The authors of this short, newly published book are full professors, Dong at University of North Texas and Chen, University of Hawaii. Both earned BSc and MSc degrees in China then moved to North America for PhDs. Both have published widely on applications of remote sensing and this is reflected in the book’s emphasis on the utilization of lidar. Their goal was to introduce LiDAR technology then cover forestry, urban and geoscience applications for a senior undergraduate and graduate audience. More than 500 up-to-date references are a boon and a key feature is the use of 27 lidar data sets, many of them in projects (the authors’ word for case studies), in which the reader is conducted step-bystep through data processing, mainly in ArcGIS® but sometimes in readily available freeware, then asked questions to test understanding. The data sets and related files for the projects are at geography.unt.edu/~pdong/LiDAR/.
The structure of the book is straightforward. It begins with a short introduction to remote sensing, in which lidar is placed in context alongside multispectral, hyperspectral and SAR technologies. The explanation of SAR is less accessible than the rest of the book and there is no mention of today’s constellations of high-resolution SAR birds. The assertion on page 1 that analog aerial photographs are uncalibrated is incorrect. A comment on the cost of aerial photography on page 4 insufficiently takes into account the increasingly popular “fly once, sell many times” model and the impact of UAVs. Those hoping for insights into full waveform lidar will be equally disappointed as the authors explain why only discrete-return lidar is covered, though both modes are described in chapter 2, which covers lidar principles, accuracy, data formats and resources. Similarly, prospective readers who construed the first three words of the title as implying detailed coverage of multispectral lidar must look elsewhere. Some reference to modern accuracy standards such as the USGS base specification would be helpful. The material on currently available systems is woefully brief and–perhaps unsurprisingly in view of the application areas described–there is no mention of bathymetric lidar. Three of the book’s 11 projects are in this chapter, for example exploring a lidar data set for the Mãnao campus of the University of Hawaii. The third chapter focuses on lidar data processing, including filtering, classification and interpolation, illustrated by two more projects. Note that these three chapters comprise only 62 pages in all: this book is not intended to be a detailed text on lidar technology for geomatics specialists, but an introduction to enable students in other fields to understand and use lidar data. Specialists have other resources, for example the recently published second edition of Topographic Laser Ranging and Scanning: Principles and Processing, edited by Jie Shan and Charles K. Toth (also CRC Press).
There follow three chapters on forest, urban and geoscience applications. These are the heart of the book. The authors are at home in these areas and present an impressive amount of material very succinctly, capitalizing on the book’s many references. Again, projects are used to enhance the learning experience. The application areas in chapter 6 bring to mind Structure from Motion in the Geosciences, by Jonathan L. Carrivick, Mark W. Smith and Duncan J. Quincey, published in 2016 by Wiley-Blackwell. This covers imagery rather than lidar, so geoscience students now have complementary texts to help them use geospatial data.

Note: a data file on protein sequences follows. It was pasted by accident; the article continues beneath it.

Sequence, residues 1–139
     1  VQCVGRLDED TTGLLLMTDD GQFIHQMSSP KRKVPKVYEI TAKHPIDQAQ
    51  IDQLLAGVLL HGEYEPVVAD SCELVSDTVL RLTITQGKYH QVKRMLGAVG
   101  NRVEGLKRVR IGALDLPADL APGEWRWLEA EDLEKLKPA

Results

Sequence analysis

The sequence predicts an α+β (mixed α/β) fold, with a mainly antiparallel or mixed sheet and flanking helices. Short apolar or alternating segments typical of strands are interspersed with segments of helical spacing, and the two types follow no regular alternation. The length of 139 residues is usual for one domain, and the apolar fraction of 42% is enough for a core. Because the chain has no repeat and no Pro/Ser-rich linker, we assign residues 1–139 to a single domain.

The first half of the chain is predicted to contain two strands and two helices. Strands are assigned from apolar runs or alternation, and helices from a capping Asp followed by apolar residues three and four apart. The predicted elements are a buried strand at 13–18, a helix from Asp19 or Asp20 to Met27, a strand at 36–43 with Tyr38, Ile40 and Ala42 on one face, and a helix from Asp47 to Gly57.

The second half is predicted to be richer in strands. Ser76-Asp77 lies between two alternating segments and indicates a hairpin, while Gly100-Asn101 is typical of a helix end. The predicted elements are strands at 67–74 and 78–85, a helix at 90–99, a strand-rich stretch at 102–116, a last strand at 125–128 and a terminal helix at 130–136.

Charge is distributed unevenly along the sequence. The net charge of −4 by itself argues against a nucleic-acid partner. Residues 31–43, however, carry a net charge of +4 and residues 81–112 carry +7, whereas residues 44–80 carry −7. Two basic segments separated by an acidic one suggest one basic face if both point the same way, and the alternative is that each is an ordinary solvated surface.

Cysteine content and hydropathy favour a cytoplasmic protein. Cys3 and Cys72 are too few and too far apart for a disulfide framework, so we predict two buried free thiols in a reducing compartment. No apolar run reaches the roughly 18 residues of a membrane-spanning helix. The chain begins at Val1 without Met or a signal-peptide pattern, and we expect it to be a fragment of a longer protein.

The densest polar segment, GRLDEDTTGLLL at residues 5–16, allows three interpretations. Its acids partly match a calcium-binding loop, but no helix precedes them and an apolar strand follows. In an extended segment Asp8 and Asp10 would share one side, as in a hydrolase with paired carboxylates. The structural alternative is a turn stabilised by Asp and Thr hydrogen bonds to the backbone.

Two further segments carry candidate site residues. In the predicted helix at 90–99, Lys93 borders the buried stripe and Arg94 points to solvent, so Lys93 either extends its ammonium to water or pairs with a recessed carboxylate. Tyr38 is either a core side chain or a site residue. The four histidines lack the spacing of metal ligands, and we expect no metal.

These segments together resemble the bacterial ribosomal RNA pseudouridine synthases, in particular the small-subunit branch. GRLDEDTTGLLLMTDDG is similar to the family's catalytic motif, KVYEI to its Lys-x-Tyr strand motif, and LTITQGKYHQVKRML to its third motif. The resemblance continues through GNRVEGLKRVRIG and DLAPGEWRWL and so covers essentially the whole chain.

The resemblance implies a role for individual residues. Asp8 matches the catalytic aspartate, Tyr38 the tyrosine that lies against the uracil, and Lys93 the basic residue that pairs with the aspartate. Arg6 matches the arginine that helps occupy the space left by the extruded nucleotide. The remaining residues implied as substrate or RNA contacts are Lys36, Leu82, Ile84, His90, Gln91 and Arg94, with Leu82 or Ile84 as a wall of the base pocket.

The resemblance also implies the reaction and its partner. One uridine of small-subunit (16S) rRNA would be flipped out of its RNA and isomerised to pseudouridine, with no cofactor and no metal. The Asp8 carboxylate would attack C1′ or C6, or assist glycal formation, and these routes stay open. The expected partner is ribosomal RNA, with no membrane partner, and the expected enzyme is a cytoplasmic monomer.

Overall, the book is well produced and pleasing to use. With few exceptions, the illustrations are large enough and color is used where necessary. Nevertheless, a little more sub-editorial attention would have been propitious. The pages numbers for the data sets show up as “xx” on the location map on page ix. There are a few minor errors, such as 2 rather than for standard deviation (page 22) and two identical captions for two different figures (page 68). The use of colloquialisms such as “cookie cutter” , “gold standard” and “wall-to-wall” may not be best for non-US readers.
Provided purchasers bear in mind that LiDAR Remote Sensing and Applications is focused on applications rather than lidar technology per se, the book is a useful and moderately priced contribution for undergraduate and graduate students new to lidar. The authors have done well to present so much material in only 200 pages. Certainly, some sections are little more than glimpses of application areas, but the fast moving, easily understood narrative and copious references encourage deeper study. Readers can maximize the book’s didactic efficacy by downloading the data and stepping through the projects–this is certain to help in absorbing the material. The authors’ assumption that readers will have access to and some familiarity with ArcGIS is a reasonable one in today’s university environment.
Pinliang Dong and Qi Chen. CRC Press, Taylor & Francis Group, Boca Raton, Florida, 2018. 232 x 155 mm, xix + 200 pp, 40 color + 143 black and white illustrations, index. Paperback, ISBN 978-1-138-74724-1, $75.96.